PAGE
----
One of the main issues with running a blog is getting readers. But attracting readers IS the hard part, it can be overwhelming deciding where and how to start.
Many people use social media to attract new readers to read their blog posts, download their ebooks, or sign up to their mailing lists. But, if you’re not careful you can spend more time trying to find new readers through social media than actually creating great writing for them to read!
There’s nothing more disappointing than crafting a blog post and having less than ten people come to your site to view it. But there is a simple trick that works to get people to read the blog you spent hours working on, and it only takes a tiny bit of formatting.
It’s more than just sharing the link
Of course you’ve shared the post to your facebook page, but there’s a little bit more to it than that.
Have you ever wondered why, when scrolling your facebook feed – random, giant stories pop-up? Whether it’s politically charged rants or someone imparting with their wisdom, it’s completely possible you could be one those people.
In Jon Loomer’s blog post, he explains why we should stop using Facebook text update and photos to share links. Jon runs a great experiment on Facebook updates and measures them by their organic reach.
Text only updates have considerable more reach than photos and links:
The Total Reach for the data used in Jon Loomer’s experiment is broken down as follows (Total Reach / Total Fans):
- Status Updates: 39.44%
- Photos: 28.34%
- Links: 26.69%
While I can’t prove this, I’d imagine it’s probably because Facebook doesn’t want you to leave Facebook (as in click and go elsewhere). Facebook did drop a hint on this:
“Through testing, we have found that when people see more text status updates on Facebook they write more status updates themselves. In fact, in our initial test when we showed more status updates from friends it led to on average 9 million more status updates written each day. Because of this, we showed people more text status updates in their News Feed.”
And, there’s a hint that my assumption could be correct.
Here’s a week of the organic/total reach from photo and link updates from the Kayako Facebook account, a page with 10K+ likes:
Crazy isn’t it, 10k+ likes and one link was seen by only 75 people.
The one link that amassed 1.3K likes was through a loyal Kayako customer commenting on his delight about hearing more behind the scenes stories at Kayako. This led a few others to leave their joy at using Kayako too (for the kind and promoting comments, we sent them all company merchandise and a thank you note!).
While this seems promising, and it might be the way you’re currently posting, it’s not the best way to do it.
This is because you’re relying on someone to notice your link, click the link, read the blog all the way to the end, then come-back to Facebook and leave a comment. This is harder than running a click advertising campaign!
The effects of posting your blog to Facebook
With my wife’s dance blog (Lacey Sasso), I tried this very technique and the results were surprising.
For a page with just over three-hundred likes, this reach was already double her audience.
The post got a total of ninety-five post clicks (meaning they clicked “continue reading”). Lacey’s WordPress site stats were showing half as many click-throughs than this when it was shared as a link across both Facebook and Twitter for a month!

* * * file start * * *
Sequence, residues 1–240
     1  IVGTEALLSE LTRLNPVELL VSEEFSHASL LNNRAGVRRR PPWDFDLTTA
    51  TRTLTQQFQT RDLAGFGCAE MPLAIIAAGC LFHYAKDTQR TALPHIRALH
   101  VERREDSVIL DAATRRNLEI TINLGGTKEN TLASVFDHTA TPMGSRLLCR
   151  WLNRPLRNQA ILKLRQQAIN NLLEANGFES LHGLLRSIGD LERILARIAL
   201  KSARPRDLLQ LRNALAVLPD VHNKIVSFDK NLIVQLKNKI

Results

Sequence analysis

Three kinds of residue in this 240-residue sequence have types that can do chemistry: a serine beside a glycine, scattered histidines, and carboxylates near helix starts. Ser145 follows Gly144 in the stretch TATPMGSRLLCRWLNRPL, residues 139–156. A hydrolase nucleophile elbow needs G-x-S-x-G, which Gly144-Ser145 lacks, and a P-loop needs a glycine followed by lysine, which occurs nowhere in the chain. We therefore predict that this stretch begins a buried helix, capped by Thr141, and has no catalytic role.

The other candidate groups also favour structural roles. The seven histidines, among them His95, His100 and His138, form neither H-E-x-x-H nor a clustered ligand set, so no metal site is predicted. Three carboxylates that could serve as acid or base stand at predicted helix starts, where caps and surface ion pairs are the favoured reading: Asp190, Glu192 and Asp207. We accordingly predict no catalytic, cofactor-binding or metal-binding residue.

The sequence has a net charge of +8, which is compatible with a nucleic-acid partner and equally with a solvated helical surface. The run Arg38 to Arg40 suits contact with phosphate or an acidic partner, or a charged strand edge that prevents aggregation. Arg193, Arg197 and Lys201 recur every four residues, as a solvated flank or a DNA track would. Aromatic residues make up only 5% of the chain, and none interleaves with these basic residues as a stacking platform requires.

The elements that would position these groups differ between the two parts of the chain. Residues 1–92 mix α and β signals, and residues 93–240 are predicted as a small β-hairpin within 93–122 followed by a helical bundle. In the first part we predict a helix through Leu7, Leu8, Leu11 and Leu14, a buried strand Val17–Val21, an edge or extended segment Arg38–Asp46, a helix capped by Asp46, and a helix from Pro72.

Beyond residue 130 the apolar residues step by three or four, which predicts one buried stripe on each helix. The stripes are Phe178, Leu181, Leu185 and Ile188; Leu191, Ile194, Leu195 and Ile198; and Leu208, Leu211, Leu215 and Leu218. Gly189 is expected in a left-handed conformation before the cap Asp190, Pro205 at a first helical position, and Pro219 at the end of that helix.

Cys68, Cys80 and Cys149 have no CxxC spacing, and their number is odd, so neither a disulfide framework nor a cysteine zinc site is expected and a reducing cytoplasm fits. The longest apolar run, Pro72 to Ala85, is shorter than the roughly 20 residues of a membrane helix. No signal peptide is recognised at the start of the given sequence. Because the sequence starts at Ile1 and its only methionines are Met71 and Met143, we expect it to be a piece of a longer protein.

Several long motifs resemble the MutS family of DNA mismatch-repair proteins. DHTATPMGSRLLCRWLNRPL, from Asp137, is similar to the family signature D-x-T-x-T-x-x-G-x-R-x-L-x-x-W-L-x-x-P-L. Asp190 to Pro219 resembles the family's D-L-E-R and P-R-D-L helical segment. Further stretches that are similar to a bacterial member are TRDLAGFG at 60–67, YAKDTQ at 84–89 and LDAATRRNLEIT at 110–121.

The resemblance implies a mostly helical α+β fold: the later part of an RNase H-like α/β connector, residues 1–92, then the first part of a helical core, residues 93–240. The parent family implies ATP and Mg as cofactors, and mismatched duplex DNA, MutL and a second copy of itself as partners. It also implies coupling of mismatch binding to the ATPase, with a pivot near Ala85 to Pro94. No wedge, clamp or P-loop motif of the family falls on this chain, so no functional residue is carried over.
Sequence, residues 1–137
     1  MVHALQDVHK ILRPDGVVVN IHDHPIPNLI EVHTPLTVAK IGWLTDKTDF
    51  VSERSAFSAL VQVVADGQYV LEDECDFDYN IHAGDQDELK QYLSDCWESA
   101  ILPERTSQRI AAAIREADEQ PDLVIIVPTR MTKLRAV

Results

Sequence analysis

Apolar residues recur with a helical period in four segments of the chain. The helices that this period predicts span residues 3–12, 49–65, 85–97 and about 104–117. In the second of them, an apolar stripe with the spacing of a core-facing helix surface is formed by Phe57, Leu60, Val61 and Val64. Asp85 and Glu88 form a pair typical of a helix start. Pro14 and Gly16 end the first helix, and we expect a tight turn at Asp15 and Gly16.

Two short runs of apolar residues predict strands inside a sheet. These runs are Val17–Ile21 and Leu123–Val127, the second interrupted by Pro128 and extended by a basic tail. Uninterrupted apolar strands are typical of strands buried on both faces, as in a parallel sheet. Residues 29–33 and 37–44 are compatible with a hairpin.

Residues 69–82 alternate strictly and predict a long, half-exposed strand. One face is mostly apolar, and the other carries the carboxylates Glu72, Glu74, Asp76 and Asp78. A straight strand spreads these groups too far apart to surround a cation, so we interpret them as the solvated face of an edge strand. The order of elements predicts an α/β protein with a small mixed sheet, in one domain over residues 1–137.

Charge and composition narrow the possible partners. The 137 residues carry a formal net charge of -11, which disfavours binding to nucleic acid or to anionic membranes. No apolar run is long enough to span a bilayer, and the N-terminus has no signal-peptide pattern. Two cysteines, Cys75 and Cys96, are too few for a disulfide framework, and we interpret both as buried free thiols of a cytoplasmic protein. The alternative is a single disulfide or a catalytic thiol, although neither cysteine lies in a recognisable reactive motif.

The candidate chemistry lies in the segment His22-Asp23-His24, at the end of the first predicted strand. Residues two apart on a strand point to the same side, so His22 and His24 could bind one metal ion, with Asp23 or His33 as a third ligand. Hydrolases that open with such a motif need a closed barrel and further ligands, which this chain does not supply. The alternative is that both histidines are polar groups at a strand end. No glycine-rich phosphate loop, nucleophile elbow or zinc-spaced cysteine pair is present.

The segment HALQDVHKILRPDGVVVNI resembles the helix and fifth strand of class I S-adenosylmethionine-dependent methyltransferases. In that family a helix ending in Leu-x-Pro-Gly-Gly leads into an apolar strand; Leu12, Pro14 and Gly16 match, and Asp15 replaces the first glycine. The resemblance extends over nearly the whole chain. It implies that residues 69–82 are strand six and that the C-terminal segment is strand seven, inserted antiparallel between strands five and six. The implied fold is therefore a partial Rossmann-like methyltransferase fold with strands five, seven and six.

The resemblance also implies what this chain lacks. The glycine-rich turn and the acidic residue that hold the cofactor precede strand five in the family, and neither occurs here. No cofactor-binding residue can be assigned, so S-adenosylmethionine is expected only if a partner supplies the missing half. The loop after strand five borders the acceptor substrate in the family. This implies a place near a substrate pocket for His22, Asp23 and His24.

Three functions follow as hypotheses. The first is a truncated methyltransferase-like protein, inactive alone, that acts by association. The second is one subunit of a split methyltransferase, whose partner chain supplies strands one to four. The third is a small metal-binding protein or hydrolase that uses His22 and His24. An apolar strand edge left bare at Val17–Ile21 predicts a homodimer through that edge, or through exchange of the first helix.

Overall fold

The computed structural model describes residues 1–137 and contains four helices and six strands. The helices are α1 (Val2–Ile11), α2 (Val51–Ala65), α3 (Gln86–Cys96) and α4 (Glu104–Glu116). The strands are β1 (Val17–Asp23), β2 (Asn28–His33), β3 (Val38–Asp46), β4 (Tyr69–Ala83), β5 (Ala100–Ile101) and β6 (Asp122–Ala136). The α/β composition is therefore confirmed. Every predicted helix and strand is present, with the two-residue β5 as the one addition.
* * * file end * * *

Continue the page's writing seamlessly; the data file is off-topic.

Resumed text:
So with the next blog post that came out, I tried it again.
Again, an incredible reach for a post with a page of three-hundred-plus likes. This post was also picked up by a professor at a University who asked if she could share it with her students!
My only regret of this post is not paying to boost it. That could have really pushed it to be one of those viral posts.
[Note: If you’re in the early stages of finding what resonates with your audience. I’d highly recommend using this technique, because it’s very clear to see what takes off, and what doesn’t.]
Formatting your post for easy reading
Hopefully you can see the beginning of the layout of the post from the above screenshots, but this is my technique:
- Both the headings and subheadings are always in capitals.
- Be mindful of bombarding your reader with lots of lines of text. I’d recommend no more than having three lines before a line break, this breaks down that wall-of-text look and feel.
Before you post, look at your Facebook insights column. You want to post just before the surge in traffic, because this is how updates get picked up and rise to the top of the news feed.
Looking at this insights graph, I would post at 2pm.
But you can find your optimum posting time for each day by going, “Insights” > “Posts”. Then hover over each day to see when and where that spike is, it reveals when most of your audience are online. The more towards the start of the day, the more likely it will pick up momentum throughout it.
Post your update at the right time
Using the times you’ve found for your post to reach its optimum, there’s two options you can use for scheduling your post at the right time.
You can use Facebook’s scheduler.
Or, if you don’t have your Facebook set up as a page, you can use a service like Buffer.
Once you’ve scheduled it up and get ready to watch your post fly!
Copy and paste your blog to Facebook
When you’re spending hours crafting great pieces for your readers, you can’t rely on them to click through to your blog to read it. Use these simple steps: copy and paste your blog post into Facebook, post at the optimal time and get more readers. If you keep doing this, you’ll build better connections and strengthen your readers interest in your writing. This is the best way to get organic exposure without paying for extra reach.
If you apply this tactic, please leave a comment with your results, I’d love to know if it worked for you too!
Did you enjoy this post? Please upvote on: